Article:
Interest rates on new credit card offers began the new year at a standstill, according to the CreditCards.com Weekly Credit Card Rate Report
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|CreditCards.com’s Weekly Rate Report|
|Avg. APR||Last week||6 months ago|
|Methodology: The national average credit card APR is comprised of 100 of the most popular credit cards in the country, including cards from dozens of leading U.S. issuers and representing every card category listed above. Introductory, or teaser, rates are not included in the calculation.|
|Updated: Jan. 02, 2013|
None of the issuers tracked by CreditCards.com made changes to their card portfolios over the holidays. That includes changes to promotional balance transfer offers and introductory APRs, as well as standard interest rates.
Instead, issuers closed 2012 the same way they began it, by leaving credit card terms alone. 2012 was the most stable year for credit card offers since CreditCards.com began tracking them in June 2007. Average rates on new credit card offers remained unchanged for 36 weeks out of 52.
Compare that to 2011 — the second most-stable year on record — when average rates remained unchanged just 25 weeks out of 52.
In previous years, credit card offer terms changed more frequently. For example, in 2010, the national average changed 41 times and moved up nearly two percentage points by the end of the year. In 2009, average rates moved 43 times and in 2008, average rates changed 45 times.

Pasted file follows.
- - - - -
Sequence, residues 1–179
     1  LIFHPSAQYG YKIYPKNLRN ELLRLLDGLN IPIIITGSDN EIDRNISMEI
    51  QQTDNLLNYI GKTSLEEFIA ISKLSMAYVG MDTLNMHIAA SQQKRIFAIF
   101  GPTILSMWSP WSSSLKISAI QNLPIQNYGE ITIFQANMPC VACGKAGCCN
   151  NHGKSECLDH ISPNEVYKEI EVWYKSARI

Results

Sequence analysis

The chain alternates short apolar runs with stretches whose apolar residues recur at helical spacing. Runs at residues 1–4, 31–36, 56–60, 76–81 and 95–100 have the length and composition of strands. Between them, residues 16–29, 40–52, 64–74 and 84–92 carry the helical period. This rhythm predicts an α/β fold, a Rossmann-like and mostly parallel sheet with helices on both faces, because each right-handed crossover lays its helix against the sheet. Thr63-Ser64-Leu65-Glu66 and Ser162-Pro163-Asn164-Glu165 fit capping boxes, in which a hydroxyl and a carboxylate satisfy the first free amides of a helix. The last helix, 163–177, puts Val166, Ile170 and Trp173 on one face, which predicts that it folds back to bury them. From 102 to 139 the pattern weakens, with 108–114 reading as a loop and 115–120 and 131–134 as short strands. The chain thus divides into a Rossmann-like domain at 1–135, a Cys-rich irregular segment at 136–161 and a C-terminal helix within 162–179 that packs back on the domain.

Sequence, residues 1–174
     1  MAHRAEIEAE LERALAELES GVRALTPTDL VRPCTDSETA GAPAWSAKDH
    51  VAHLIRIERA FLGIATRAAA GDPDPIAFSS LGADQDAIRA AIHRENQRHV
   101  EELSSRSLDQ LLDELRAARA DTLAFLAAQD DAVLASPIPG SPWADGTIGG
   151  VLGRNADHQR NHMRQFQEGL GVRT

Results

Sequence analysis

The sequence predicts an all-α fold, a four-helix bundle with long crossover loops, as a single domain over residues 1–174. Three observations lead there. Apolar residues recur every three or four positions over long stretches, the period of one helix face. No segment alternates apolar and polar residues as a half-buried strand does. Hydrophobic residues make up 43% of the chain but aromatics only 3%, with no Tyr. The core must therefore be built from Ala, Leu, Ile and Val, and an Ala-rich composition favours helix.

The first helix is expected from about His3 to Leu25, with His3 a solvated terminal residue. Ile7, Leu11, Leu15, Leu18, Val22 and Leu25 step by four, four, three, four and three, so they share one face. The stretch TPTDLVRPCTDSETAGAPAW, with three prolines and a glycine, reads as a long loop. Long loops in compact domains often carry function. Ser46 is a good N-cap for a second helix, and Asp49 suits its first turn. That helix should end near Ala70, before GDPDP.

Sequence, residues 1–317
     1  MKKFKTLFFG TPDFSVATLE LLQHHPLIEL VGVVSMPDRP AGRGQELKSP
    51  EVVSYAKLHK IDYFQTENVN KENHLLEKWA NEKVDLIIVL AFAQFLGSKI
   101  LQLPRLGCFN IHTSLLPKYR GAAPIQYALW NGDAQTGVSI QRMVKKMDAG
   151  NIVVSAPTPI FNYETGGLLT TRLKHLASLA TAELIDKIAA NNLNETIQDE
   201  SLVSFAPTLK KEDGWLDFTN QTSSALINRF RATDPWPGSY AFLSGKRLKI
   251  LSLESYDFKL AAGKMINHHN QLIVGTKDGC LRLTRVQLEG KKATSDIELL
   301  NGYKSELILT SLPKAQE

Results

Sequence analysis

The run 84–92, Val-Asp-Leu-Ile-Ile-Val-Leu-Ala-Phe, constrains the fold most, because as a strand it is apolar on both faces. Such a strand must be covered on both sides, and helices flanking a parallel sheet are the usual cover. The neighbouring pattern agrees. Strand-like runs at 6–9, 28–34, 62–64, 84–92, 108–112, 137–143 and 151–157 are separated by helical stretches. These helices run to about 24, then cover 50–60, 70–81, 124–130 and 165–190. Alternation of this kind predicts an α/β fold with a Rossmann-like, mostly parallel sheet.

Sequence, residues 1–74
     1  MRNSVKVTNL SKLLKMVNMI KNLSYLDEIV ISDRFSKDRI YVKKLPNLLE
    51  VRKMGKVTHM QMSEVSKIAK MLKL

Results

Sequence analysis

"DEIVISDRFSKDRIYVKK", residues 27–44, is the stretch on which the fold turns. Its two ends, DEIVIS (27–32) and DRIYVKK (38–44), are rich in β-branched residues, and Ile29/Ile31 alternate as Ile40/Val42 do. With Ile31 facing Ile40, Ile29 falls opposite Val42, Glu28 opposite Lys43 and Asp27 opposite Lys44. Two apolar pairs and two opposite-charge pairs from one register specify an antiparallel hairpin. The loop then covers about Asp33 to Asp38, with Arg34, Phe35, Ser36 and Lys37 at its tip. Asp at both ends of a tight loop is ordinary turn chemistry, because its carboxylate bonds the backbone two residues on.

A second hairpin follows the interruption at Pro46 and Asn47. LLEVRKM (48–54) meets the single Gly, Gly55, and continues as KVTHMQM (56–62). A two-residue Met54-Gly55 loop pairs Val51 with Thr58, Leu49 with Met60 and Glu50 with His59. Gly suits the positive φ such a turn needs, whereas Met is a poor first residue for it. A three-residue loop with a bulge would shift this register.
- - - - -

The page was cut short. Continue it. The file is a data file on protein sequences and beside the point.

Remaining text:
By contrast, in 2012, issuers not only left advertised rates alone for much of the year, but also made few substantial changes to card offers’ promotional deals, which are designed to lure new card applicants.
The good news for consumers who are looking for a new card in 2013 is that many of those introductory offers remain relatively generous.
For example, among the 100 cards that CreditCards.com tracks, 28 feature balance transfer offers for 12 months or more. Nearly half of those offers are especially drawn out, extending for 15 months and beyond.
Consumers comparing new cards should also have little trouble finding cards that allow them to pay zero interest — or low interest — on purchases for a lengthy period. Among the 100 cards in the CreditCards.com database, for example, 28 cards advertise a promotional rate for nine months or longer. Eleven of those cards give consumers an even lengthier period of time — 14 months or more — to use their new card interest-free or at an exceptionally low rate.
Although promotional offers have changed little in the past year, they remain ubiquitous. Among the cards that CreditCards.com tracks, fewer than half feature no promotional rate. Ten of those cards are for consumers with limited or bad credit. Seven are store cards. Sixteen are travel cards, including hotel and gas cards.
The vast majority of general purpose credit cards feature at least some kind of promotional interest rate, either on balance transfers, purchases or both.
See related:2013: What’s in the (credit) cards for you?